ENGLEWOOD – Peyton Manning’s first full practice in pads in 18 months drew rave reviews from his coaches and teammates – and at least one suggestion that his health no longer is even an issue.
Manning put on an aerial show with Broncos wide receiver Eric Decker and others Saturday morning in the latest milestone to his comeback from a nerve injury that cost him all of last season and led to his release from the Indianapolis Colts.
Although Manning threw in full pads during his tryouts at Duke University for the Broncos and other suitors during his first foray into free agency in March and again at times while working out in Denver, this was his first real action in full pads since the Pro Bowl after the 2010 season.
Manning didn’t address the media afterward, but coach John Fox said he thought Manning’s performance was excellent.
“The guy comes to work every day whether it’s in that building or on that field; he attacks it like no other,” Fox said.
Although the defenders weren’t allowed to hit the Broncos’ new $96-million man, Manning seemed to have an extra pep in his step in his first practice at Dove Valley that wasn’t in shells or shorts.
“It was great,” wide receiver Brandon Stokley said. “It was like the first day of school. Football without pads, it’s not football. So, when you put the pads on, you know you’re getting close to the season.”
Through three days of training camp it’s become obvious that Manning’s health isn’t much of an issue, although it could be some time before he takes his first hit, another big signpost on his comeback from four neck procedures.
“I said this when I was working out with him five months ago – he looks great,” Stokley said. “So, for us now, it’s kind of a nonissue of how Peyton’s feeling, how he’s doing. That’s kind of so three months ago. Now he’s fine. There’s nothing wrong with him.”
Stokley, who played with Manning in Indianapolis from 2003-06, said his old friend looks as good today as he did back then.
“He looks like he’s just gotten better and better,” Stokley said. “He looks normal.”
“He looked good when we first got him, to be honest with you,” offensive coordinator Mike McCoy said. “I knew some things he had told us before he got here, what he thought of where he was, and he’s gotten better every day. He’s worked extremely hard to get to the point he’s at right now.”
The next mile marker in Manning’s return will be when he takes his first big hit. Just when that will come is a mystery.
Manning threw precious few passes in the preseason in Indianapolis, and the Broncos haven’t revealed how much he’ll play in their exhibitions.
They open at Chicago on Aug. 9, but Manning, whose quick release and cerebral play doesn’t lead to very many hits on the quarterback anyway, might not take his first blast from a defender until the season opener against Pittsburgh on Sept. 9, or even later.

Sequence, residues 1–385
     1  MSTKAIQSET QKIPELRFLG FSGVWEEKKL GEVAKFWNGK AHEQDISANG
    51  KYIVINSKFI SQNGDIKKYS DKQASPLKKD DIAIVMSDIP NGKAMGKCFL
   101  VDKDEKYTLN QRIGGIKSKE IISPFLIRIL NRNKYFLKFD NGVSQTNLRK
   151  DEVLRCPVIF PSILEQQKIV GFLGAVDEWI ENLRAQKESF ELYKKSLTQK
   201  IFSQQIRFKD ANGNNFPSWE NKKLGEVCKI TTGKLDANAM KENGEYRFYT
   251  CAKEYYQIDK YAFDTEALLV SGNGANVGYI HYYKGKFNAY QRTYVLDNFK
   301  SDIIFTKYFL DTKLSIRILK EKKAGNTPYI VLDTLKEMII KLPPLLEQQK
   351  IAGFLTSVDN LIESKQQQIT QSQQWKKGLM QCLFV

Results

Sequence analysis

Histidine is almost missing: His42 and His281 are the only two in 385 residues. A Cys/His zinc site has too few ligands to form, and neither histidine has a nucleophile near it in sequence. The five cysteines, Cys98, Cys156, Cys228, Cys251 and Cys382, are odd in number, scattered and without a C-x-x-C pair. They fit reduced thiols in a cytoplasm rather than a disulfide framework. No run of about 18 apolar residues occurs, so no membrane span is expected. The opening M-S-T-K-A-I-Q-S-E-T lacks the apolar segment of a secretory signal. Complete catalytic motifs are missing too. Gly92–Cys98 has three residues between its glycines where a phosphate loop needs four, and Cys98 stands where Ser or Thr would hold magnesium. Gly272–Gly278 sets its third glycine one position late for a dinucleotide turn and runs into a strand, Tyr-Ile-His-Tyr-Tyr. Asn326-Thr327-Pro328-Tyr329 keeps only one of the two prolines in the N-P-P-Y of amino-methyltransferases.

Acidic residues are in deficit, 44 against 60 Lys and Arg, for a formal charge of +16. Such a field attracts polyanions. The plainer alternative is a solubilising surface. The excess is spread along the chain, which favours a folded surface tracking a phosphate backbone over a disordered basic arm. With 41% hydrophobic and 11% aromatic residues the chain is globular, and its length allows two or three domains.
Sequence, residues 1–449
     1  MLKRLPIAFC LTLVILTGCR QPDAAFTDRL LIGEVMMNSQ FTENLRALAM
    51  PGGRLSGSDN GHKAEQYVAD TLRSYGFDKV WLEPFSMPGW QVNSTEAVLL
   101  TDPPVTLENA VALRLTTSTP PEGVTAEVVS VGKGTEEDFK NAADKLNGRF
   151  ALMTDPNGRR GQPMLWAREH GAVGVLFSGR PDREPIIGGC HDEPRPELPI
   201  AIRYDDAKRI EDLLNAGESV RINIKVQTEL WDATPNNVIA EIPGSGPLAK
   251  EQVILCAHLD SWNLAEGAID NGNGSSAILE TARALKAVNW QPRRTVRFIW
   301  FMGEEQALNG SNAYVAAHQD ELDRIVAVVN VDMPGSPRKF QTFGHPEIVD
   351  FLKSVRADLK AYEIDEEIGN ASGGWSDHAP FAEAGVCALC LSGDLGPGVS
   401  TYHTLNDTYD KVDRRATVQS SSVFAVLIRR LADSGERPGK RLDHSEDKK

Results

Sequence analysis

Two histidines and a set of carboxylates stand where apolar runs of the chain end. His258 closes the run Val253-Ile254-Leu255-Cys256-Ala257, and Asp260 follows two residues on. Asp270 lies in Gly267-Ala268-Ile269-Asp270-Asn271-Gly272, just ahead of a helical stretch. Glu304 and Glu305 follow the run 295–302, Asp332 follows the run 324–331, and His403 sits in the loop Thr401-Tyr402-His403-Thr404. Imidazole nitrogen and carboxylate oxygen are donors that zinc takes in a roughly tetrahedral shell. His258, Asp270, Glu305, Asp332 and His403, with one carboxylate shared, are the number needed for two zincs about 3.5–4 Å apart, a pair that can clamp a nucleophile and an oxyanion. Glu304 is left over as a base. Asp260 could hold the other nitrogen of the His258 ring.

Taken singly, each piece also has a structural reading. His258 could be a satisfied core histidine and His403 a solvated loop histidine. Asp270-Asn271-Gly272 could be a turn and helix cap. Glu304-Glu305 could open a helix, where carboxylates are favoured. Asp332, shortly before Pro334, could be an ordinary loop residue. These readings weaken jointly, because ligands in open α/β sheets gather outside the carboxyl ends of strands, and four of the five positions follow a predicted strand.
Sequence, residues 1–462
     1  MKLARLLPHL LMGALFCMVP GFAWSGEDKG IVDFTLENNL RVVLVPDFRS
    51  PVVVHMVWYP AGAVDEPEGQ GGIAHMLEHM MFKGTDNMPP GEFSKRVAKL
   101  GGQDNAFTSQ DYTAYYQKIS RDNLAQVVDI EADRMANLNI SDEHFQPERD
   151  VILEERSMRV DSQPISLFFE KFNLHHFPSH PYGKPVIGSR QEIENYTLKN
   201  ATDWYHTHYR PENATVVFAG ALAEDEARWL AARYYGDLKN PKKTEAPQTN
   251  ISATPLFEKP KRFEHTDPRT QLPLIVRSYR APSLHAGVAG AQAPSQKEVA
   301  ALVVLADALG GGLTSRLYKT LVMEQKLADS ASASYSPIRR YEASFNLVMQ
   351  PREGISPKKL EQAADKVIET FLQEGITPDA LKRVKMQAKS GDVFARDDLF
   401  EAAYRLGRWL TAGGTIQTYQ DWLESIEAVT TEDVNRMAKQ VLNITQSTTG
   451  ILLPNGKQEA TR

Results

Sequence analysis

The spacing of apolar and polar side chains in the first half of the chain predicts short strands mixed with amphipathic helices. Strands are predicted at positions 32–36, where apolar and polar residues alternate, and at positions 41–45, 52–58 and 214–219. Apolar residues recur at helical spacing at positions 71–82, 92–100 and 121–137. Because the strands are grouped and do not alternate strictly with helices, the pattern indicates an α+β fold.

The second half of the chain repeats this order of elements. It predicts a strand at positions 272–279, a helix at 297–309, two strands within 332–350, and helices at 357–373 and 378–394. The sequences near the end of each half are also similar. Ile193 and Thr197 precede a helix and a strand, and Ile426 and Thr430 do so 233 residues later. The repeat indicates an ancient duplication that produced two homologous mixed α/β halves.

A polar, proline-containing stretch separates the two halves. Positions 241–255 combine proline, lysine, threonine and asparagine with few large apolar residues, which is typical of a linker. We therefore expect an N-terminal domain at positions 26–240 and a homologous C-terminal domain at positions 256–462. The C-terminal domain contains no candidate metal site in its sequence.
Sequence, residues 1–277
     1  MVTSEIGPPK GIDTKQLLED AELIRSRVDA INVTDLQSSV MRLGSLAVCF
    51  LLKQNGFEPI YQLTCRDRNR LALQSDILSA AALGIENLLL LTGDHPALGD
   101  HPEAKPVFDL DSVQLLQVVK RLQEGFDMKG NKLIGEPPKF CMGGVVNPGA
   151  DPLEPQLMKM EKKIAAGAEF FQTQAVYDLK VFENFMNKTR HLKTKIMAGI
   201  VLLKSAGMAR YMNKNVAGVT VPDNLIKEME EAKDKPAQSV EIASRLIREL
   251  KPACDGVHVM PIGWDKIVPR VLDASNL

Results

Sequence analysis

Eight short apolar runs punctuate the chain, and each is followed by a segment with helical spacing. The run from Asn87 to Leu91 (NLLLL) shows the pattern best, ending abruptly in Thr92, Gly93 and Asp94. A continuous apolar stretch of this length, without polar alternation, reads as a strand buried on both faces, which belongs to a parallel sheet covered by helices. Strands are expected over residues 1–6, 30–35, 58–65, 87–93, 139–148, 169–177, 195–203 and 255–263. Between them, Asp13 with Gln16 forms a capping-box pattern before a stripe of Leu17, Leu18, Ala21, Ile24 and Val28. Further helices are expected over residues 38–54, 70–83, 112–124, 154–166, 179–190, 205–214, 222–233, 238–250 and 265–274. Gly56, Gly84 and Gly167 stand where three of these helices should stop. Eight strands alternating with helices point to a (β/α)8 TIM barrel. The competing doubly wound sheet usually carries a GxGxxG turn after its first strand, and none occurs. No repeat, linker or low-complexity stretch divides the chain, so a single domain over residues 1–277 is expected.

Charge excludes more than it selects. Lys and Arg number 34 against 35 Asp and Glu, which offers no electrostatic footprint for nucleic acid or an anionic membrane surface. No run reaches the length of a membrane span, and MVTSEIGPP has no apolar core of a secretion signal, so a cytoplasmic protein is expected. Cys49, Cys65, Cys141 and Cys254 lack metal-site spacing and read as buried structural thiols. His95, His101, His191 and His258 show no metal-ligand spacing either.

“I have no concern over that,” Manning told ESPN’s Tom Jackson. “I’m not begging James Harrison to blindside me by any means, but I feel I’m going to be able to handle that.”
Manning missed all of last season with a nerve injury in his neck that weakened his throwing arm. He said he’ll continue his rehab work throughout the season but has quit “giving percentages” about his health.
Beginning with offseason workouts, Manning has looked sharp, and he’s been even sharper during the opening days of training camp. Going against a live defense Saturday, he looked even better.
One of his best plays came when Decker found the slightest separation from perennial Pro Bowler Champ Bailey, and Manning fit the pass right into the tight window, drawing the biggest ovation from the crowd of 4,443, which broke the two-day-old record for the biggest nonstadium training camp practice in team history.
Manning and Decker hooked up plenty of other times.
“As of right now, we don’t like those guys. I’m not on board with their show or whatever that is,” defensive end Elvis Dumervil said, deadpanned. “But those guys are good, give them credit. They’re going to make us better, so we’ve got to compete, and that will be good for us.”
Despite watching Manning pick apart his defense, new coordinator Jack Del Rio said it was nice to see his players in pads.
“I was one of the players that benefited from being in pads throughout my career. A lot of times I was beaten out in the spring, and I’d take my job back in the fall when we put the pads on,” Del Rio said. “So, you can’t really settle too much until you get the pads on. This sport is played in pads.